Last September, I was visiting my daughter in New York. One day, we went for a walk in downtown Troy, NY. The day was perfect! It was clear and cool, only warm in the sun. Natalie was with us, just one year old then. We had coffee and gormet pastry at an upscale coffee shop and then we wandered around from shop to shop.
Troy is an interesting town. It's in a valley on the Hudson River. It has a large Arts community and many of the downtown shops cater to both art lovers and artists. There were also many antique stores and resale stores. One in particular we visited was an antique/resale store and was done up all nostagically. I love the feeling you get in those kind of places. Everything you touch has a history and it's fun to try to imagine what the people were like who originally owned the merchandise. That's where I found the pieces to a quilt that someone had dreamed of making, but never did. They were triangles of fabric from the 40's - 60's, judging from the prints; probably remnents of clothing either made or worn, since hardly 2 had a twin. It was a real scrap piece find!
Later I was talking to my daughter about the pieces, thinking out loud about what a great quilt they'd make, looking at each piece and thinking the of person who made them, who probably hand drew a pattern on the back of a cereal box or something in a kitchen with "That Green" walls and traced each one onto any fabric big enough to receive it and then cut each one out with scissors...funny, we think this is quaint now days, don't we. We have rotary cutters to do the job and special rulers to make it easy.
At some point in our discussion, I learned that my daughter would love a quilt made from these pieces. Of course it would have to be for her! That day meant a lot to me...just walking around window shopping with her and the baby. I don't get many days like that period, much less with my beautiful daughter and grand daughter! So it was settled. It would be her quilt.
When I got home, I started playing with the pieces. "Now why didn't this person finish this quilt?", I wondered. I had a bonified mystery right there in my hands. Did this person just get boared with the idea? Did they have a house fire and this was one of the few things salvaged? Did they die?... or maybe one of their loved ones died and they just couldn't stand the thought of working with this fabric any more....There were probably a million possibilities, but I preferred to think on the romantic ones...Oh the poor dear....I won't let your precious work go to the heap~~~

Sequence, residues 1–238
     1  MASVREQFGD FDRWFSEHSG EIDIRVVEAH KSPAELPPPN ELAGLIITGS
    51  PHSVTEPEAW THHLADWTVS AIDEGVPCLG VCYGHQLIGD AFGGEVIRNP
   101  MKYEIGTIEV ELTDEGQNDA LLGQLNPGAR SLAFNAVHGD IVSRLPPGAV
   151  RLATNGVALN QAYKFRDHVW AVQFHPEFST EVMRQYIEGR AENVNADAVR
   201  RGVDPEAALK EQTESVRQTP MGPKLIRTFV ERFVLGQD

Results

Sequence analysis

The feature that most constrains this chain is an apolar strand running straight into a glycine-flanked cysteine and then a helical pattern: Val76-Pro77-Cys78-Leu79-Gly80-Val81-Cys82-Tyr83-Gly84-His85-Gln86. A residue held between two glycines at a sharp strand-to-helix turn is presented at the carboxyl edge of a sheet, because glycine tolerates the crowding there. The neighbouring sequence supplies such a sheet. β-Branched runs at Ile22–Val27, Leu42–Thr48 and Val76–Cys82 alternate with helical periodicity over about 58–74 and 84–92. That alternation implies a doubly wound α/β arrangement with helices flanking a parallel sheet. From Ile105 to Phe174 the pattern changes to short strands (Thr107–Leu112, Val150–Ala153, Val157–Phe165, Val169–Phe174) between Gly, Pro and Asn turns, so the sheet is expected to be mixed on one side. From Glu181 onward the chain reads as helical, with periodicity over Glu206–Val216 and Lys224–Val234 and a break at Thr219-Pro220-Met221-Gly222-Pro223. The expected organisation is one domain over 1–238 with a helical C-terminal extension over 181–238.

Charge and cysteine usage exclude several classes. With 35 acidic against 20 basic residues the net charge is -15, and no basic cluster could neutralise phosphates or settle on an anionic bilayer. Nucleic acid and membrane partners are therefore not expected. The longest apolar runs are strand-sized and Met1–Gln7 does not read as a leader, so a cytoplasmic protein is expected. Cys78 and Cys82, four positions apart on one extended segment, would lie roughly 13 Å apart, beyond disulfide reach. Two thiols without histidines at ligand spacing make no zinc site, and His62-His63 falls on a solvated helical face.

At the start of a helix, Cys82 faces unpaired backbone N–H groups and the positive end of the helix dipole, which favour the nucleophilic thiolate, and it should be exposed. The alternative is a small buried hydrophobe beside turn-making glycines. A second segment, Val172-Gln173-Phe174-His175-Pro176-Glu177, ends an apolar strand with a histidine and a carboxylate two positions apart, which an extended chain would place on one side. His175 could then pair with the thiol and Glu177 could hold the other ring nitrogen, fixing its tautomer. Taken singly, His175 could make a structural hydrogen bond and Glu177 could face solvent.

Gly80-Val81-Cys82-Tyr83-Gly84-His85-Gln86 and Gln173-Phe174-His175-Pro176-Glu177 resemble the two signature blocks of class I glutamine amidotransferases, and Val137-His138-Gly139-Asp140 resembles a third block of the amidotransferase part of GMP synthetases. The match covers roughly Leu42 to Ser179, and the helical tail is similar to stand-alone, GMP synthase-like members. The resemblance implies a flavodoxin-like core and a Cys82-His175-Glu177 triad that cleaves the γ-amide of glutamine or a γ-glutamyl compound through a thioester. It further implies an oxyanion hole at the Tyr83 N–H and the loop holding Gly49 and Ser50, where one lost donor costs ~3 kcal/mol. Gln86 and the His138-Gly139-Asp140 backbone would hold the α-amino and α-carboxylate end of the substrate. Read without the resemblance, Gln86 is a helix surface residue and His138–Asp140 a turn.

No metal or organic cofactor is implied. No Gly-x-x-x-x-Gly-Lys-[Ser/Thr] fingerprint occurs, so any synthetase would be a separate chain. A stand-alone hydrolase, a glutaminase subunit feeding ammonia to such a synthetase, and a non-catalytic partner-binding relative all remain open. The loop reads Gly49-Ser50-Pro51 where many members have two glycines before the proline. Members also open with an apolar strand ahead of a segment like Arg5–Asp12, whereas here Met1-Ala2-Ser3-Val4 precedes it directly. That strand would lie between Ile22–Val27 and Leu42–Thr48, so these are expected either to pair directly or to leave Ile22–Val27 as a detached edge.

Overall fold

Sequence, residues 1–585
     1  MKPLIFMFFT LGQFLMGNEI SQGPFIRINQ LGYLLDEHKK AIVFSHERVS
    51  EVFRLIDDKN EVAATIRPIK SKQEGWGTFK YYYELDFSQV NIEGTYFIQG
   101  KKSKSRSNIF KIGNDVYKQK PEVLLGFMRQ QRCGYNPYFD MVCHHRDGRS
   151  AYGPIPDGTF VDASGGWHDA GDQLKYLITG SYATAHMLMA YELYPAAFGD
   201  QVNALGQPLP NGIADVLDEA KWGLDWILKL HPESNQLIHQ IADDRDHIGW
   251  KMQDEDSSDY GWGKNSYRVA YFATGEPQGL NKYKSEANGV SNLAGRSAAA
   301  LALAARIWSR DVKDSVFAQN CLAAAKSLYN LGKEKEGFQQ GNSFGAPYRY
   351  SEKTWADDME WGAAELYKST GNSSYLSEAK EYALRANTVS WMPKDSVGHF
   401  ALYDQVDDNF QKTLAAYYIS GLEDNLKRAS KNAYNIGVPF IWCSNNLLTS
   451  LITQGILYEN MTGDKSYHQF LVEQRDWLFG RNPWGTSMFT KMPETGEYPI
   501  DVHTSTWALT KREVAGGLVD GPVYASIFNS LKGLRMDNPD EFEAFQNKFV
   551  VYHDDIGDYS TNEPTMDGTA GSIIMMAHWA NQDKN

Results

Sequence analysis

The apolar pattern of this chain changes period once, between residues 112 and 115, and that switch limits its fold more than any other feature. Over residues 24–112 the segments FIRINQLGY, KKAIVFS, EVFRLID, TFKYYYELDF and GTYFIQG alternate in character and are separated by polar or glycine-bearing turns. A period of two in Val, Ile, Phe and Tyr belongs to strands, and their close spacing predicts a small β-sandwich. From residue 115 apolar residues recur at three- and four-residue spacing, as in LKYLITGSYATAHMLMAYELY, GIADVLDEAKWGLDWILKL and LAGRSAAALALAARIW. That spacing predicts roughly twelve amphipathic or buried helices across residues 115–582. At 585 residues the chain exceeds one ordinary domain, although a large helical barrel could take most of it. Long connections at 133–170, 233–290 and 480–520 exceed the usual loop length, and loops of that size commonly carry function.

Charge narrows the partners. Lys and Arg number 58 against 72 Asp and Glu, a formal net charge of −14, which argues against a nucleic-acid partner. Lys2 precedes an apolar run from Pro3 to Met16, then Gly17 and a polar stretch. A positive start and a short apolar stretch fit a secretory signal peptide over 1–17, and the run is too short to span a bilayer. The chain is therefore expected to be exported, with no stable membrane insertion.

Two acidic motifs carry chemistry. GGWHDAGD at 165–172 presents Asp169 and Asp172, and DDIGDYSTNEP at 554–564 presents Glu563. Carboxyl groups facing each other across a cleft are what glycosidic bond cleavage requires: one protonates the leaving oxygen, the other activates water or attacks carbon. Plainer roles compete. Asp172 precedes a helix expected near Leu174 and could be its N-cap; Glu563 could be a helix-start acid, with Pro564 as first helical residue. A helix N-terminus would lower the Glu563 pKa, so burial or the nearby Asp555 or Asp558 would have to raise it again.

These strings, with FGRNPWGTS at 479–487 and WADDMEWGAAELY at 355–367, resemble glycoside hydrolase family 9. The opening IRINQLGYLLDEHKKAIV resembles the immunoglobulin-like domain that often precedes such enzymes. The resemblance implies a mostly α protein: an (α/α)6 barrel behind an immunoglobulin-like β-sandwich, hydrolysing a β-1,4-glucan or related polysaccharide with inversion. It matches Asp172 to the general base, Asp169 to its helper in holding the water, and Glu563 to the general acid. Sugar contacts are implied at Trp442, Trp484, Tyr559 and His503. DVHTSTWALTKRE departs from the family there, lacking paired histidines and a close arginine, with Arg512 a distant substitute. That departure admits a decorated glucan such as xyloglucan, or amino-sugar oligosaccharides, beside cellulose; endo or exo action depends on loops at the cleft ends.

There were'nt enough to make a very big quilt; just barely enough for large a wall hanging and all together they were quite busy. Then I decided to alternate them with muslin triangles. That's when I discovered the most likely reason why a quilt wasn't made from them. Although they looked like perfect Isosceles triangles, they were not. One side was a little shorter than the other. I had to make a template the shape of one of the triangles and use that trace each triangle onto the muslin. Although I could still cut them with a rotary cutter, The process still took awhile. I pieced them by machine and I remember thinking I was glad they were triangles. Not many of them were actually cut on the straight of grain. The extra bias was a help in getting everything to fit together. The muslin gave the pieces a stability as they were cut on the straight of grain. All in all it went together well, all in a long afternoon's sewing.
It occurred to me while stitching the binding down that perhaps the person who cut these triangles did make a quilt and had her more undesirable choices left over ( a couple of the triangles were pieced together; perfectly so, I might add)....hmmm....I have since decided to think they were never made into a quilt because of one of the reasons mentioned above...it's more interesting that way...more romantic and meaningful.
At any rate, here it is, not quite a year later. I think it's a handsome quilt. I've named it :Living Stones" from 1 Peter 2:5. It is machine pieced and hand quilted
I had to wait to post this because my daughter wanted to see the quilt in person, not on the internet. I have to say that it was pretty wonderful being in her livingroom and seeing her face when she got it. This morning we had devotions on her pull out couch and all the kids were together on it. That's exactly what I had in mind when I thought of her using this quilt.
What a wonderful art-form quilting is!